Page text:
Historical Archive
1969–1970
1969–1970
Lyman
The Axon
Land Use
Vietnam Moratorium
Off ROTC
Cambodia Strike
Trustee Reform (1968–1970)

1969–1970: Richard W.Lyman

May 29, 1968
Open Forum
Unsigned notes taken at an open forum held at Tresidder Memorial Union, May 29, 1968, where Lyman responded to questions.
September 25, 1969
Campus Turmoil
“For moderate students, the charm of all-out confrontation will diminish over time,” Provost Lyman predicted at an annual conference of alumni. Stanford University Press Release, September 25, 1969.
April 16, 1970
Remarks to Law School Board
Prepared remarks to Law School Board of Visitors, Stanford University, presented at Rickey’s Hyatt House, Palo Alto, April 16, 1970 by Richard Lyman, Vice President and Provost.
April 16, 1970
Remarks to Law School Board—Press Release
“Today’s radicals who believe destruction is the only way to save the world are ignoring history …” according to Lyman “an historian himself.” Stanford University Press Release, April 16, 1970.
June 26, 1970
Acting President
“Provost Richard W. Lyman will become acting president of Stanford University on a full time basis, effective Sept. 1 …” Stanford University Press Release, June 26, 1970
July 4, 1970
“Lyman’s major goal: Peace at Stanford”
Stanford’s new acting President promises to strengthen the university’s peace-keeping machinery when he returns from a month’s vacation. Palo Alto Times, July 4, 1970.
August 12, 1970
University Independence
“Universities will survive only if their leaders keep them independent of politics …” according to Lyman. Stanford University Press Release, August 12, 1970.
August 16, 1970
“A Firm Hand For Troubled Stanford”
September 24, 1970
Seventh President
“Richard W. Lyman, a 46 year old historian, today was named Stanford’s seventh president.” Background and biographical information included. Stanford University Press Release, September 24, 1970
September 25, 1969
Violence
Lyman sharply criticized “academic apologists for violence” in his first major speech since becoming president of Stanford. Stanford University Press Release, September 25, 1970.
September 25, 1970
Police Power
Lyman “drew a sharp distinction between police efforts to deal with outright criminal activity on campus and investigations with overtones of thought control.” Report of Lyman’s first news conference as President of Stanford. Stanford University Press Release, September 25, 1970.
September 30, 1970
Time Notes
Notes taken by Bob Beyers on Lyman interview with Barry Hillenbren of Time Magazine, September 30, 1970.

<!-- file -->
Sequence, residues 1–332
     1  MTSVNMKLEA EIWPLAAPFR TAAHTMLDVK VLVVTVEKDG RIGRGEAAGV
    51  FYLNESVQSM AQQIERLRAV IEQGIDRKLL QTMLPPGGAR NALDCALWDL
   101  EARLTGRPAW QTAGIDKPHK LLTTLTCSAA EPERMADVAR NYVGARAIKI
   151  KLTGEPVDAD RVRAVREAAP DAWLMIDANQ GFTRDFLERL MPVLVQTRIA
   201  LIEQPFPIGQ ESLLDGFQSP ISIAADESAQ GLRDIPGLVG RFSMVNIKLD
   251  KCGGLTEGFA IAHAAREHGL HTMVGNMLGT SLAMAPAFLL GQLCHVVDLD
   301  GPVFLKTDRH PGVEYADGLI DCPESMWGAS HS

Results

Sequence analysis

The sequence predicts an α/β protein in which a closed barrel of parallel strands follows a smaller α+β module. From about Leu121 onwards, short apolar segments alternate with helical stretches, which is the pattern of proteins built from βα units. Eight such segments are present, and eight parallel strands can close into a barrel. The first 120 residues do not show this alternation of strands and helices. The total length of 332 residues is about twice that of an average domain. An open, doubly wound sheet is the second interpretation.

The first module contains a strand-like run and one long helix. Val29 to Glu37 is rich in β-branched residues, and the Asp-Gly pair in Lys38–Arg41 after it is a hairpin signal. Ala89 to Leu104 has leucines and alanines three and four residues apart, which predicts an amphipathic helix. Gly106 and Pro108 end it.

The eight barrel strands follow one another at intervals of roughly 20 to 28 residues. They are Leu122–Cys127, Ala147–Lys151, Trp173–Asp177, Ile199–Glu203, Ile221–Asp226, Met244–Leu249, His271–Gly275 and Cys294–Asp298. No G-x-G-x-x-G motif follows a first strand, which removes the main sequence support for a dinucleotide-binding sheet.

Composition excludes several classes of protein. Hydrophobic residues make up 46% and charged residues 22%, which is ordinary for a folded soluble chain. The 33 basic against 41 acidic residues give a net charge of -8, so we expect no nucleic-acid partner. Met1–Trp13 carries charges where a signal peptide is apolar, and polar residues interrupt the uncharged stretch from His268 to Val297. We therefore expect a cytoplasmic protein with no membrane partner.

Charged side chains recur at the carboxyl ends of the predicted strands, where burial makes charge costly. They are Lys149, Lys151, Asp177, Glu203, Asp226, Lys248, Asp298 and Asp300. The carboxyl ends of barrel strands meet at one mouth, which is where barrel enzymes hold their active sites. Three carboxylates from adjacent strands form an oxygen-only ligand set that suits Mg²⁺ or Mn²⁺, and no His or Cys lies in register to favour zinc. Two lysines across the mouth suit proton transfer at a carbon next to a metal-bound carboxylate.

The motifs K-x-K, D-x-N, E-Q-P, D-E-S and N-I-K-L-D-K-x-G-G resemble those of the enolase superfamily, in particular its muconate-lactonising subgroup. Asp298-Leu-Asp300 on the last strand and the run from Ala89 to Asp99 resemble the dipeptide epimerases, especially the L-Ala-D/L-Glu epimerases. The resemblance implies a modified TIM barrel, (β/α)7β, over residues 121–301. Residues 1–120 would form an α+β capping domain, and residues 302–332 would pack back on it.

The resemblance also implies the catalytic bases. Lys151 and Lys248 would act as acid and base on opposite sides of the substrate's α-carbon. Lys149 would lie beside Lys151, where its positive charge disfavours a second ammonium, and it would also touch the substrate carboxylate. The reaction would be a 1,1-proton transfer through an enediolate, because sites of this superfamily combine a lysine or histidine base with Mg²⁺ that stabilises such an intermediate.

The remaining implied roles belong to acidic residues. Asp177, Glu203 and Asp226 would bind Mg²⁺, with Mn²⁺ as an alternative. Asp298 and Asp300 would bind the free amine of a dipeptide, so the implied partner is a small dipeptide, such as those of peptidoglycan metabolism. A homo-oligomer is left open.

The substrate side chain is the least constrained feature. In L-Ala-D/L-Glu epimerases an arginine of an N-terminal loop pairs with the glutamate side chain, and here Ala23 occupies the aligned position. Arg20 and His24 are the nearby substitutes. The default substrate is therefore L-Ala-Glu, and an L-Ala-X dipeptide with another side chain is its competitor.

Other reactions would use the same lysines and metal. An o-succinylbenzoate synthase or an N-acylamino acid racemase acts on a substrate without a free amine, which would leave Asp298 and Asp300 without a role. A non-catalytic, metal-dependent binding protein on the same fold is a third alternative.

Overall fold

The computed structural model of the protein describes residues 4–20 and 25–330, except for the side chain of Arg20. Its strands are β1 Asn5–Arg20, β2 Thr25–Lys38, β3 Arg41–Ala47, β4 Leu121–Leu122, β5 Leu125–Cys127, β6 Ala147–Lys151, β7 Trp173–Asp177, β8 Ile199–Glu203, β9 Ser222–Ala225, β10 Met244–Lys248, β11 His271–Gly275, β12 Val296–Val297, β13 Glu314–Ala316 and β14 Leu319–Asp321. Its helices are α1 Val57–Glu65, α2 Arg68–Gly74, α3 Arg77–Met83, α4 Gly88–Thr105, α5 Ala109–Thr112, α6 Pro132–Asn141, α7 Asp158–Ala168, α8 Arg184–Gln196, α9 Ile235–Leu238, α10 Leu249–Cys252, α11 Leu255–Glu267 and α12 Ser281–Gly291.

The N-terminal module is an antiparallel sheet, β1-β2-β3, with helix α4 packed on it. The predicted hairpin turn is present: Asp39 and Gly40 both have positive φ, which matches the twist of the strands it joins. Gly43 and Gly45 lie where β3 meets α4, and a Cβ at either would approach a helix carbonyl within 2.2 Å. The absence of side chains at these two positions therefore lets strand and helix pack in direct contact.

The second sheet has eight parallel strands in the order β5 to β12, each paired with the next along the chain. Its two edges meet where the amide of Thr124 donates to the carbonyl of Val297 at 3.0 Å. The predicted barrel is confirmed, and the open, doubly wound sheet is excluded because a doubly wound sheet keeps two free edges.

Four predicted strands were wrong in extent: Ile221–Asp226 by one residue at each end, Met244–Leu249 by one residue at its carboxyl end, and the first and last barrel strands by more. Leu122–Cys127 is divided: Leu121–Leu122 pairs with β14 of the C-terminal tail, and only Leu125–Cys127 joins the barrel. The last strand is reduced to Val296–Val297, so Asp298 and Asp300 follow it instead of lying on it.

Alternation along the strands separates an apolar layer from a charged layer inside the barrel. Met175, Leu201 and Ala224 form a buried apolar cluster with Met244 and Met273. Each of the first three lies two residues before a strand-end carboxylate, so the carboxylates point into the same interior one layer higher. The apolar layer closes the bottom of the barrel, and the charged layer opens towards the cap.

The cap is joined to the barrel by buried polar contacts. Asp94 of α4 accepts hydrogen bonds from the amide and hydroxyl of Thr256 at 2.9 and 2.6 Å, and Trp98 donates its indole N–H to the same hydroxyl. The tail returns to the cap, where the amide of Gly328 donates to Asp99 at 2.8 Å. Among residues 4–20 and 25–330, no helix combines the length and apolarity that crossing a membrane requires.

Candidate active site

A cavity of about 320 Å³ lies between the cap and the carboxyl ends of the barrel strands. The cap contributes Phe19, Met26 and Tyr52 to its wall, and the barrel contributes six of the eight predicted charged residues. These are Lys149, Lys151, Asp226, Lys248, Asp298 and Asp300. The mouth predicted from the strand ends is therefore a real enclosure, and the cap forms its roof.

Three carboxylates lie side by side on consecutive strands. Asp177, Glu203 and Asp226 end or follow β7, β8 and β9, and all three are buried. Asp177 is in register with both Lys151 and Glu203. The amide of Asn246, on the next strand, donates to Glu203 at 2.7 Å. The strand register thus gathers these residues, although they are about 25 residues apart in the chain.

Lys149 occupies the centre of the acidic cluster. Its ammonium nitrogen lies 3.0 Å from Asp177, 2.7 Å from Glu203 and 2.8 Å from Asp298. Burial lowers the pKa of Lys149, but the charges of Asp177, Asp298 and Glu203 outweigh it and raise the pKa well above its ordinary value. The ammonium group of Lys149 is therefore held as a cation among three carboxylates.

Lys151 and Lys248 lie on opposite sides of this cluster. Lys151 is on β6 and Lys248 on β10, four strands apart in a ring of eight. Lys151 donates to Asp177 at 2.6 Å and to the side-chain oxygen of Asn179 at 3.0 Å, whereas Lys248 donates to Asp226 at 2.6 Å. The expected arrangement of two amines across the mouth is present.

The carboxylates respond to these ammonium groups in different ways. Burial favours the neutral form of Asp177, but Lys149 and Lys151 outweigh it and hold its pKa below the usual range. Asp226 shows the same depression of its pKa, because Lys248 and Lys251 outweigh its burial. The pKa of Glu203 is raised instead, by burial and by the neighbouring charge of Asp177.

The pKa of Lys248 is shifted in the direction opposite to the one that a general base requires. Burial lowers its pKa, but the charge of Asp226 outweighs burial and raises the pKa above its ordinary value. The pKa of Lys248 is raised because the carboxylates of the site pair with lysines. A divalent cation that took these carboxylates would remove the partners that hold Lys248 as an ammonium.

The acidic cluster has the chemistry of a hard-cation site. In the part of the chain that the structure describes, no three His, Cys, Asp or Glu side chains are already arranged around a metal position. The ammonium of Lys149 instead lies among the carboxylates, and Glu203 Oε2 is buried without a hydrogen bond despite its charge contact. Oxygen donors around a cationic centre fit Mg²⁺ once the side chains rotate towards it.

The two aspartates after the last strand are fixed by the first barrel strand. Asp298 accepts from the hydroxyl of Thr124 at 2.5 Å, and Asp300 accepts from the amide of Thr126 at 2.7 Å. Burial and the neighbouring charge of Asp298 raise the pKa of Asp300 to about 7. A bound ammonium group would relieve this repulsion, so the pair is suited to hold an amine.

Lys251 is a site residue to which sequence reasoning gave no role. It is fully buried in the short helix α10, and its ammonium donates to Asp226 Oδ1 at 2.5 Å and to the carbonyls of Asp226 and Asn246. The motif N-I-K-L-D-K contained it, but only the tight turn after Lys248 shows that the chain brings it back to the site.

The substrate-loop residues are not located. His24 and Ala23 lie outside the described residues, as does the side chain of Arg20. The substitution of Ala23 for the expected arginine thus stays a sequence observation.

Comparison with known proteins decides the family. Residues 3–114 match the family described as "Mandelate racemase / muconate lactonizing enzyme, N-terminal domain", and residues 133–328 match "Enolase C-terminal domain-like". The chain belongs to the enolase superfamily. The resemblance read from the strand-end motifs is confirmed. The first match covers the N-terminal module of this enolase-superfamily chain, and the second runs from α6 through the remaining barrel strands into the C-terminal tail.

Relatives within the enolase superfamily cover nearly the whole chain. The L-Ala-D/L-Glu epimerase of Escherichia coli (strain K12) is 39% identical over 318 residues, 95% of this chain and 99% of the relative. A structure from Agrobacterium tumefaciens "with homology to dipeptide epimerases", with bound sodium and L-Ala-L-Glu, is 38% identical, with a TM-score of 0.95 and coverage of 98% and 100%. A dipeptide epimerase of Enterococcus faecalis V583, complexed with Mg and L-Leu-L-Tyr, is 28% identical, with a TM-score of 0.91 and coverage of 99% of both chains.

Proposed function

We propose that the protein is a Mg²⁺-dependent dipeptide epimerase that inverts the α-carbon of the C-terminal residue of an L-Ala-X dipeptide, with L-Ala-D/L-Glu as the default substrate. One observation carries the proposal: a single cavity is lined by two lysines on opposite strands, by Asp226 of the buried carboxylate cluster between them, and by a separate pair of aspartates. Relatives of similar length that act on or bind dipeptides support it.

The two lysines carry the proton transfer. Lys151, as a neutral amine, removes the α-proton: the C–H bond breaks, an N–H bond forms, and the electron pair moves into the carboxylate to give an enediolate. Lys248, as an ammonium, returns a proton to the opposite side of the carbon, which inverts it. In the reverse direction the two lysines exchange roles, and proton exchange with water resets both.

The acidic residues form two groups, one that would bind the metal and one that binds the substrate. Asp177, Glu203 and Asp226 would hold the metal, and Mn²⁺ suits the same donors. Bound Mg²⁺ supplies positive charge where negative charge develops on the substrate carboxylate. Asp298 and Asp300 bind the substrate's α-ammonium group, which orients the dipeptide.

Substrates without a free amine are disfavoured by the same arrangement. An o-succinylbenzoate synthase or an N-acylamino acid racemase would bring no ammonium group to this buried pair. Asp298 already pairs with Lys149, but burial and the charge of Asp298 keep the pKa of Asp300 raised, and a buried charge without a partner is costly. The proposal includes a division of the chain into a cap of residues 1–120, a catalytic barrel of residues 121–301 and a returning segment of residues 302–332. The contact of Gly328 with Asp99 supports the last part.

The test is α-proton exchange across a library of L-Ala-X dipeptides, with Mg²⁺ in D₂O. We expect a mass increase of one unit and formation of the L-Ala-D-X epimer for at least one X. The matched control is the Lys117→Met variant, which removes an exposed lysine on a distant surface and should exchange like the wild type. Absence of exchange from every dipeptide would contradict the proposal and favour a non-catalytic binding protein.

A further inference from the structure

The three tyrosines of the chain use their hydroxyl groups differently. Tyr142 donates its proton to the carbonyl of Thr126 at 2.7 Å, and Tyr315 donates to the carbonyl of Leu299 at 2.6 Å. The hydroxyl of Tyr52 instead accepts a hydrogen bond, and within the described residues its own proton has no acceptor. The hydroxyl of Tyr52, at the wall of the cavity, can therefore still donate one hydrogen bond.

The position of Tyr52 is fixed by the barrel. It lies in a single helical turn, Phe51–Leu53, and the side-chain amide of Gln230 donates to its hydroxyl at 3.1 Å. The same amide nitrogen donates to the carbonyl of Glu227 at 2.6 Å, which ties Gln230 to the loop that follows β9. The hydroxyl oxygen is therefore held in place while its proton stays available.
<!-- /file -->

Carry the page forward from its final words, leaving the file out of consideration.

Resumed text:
October 1, 1970
Lyman on KZSU
Bob Beyers’s selective transcription of an October 1, 1970 radio interview with Lyman.
October 5, 1970
New Left, Old Right
“Attacks from the New Left, Old Right, and all those who believe politics is ‘dirty’ may be ‘very seriously affecting’ America’s potential for constructive and lasting political change” according to Lyman. Stanford University Press Release, October 5, 1970.
October 9, 1970
Internal and External Threats to Universities
“Universities are ‘at last aroused’ to both internal and external threats to their existence” according to Lyman. Stanford University Press Release, October 9, 1970.
December 14, 1970
Pointlessness of Destroying the University
“Growing numbers of faculty and students, uneasy and unhappy with world conditions, ‘are nevertheless coming to see the pointlessness of destroying the university in order to save it,’” according to Lyman. Stanford University Press Release, December 14, 1970.
January 22, 1971
“Revolt Against Reason”h
“The ‘revolt against reason’ can have ‘infinitely more ominous’ consequences now than ever before in man’s history …,” according to Lyman. Stanford University Press Release, January 22, 1971.
February 19, 1971
“Democracy: Casualty of War”
“If the war in Southeast Asia could be ended by the anguished cries of university presidents it would no doubt have been over long ago.…” Lyman’s Letter to the Editor, New York Times, written February 11, 1971; printed February 19, 1971.
February 19, 1971
War Threatens Democracy
“The prolonged duration of the Vietnam War threatens democracy in a deadly fashion,” according to Lyman. Stanford University Press Release, February 19, 1971, based on Lyman’s letter to the New York Times.
February 22, 1971
Withdrawal
Speaking as a private citizen, Lyman said, “only by setting ourselves a definite target date for total withdrawal from Southeast Asia—B-52s as well as infantrymen—can we extradite ourselves from this tragedy.” Stanford University Press Release, February 22, 1971.
April 26, 1971
Terrorism
“Terrorism tends to be the tactic taken by a protest movement that does not have a mass following,” according to Lyman. Stanford University Press Release, April 26, 1971.
November–December, 1976
Interchange with Siegel
Letters (November 11, 1976 and December 24, 1976) to Lenny Siegel in response to his Grapevine (November and December, 1976) articles.